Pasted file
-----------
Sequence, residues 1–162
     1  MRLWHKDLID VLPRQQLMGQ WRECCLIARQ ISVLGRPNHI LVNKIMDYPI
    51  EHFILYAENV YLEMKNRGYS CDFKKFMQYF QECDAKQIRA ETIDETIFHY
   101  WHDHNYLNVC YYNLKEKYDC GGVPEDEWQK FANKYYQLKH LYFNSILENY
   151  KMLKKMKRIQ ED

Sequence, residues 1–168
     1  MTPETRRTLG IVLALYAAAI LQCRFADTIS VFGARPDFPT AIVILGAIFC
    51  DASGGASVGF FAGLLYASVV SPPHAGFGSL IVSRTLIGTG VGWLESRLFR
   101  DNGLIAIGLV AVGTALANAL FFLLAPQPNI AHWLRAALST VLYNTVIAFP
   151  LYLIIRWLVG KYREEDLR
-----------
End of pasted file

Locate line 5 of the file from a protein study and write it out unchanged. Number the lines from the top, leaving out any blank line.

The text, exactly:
   151  KMLKKMKRIQ ED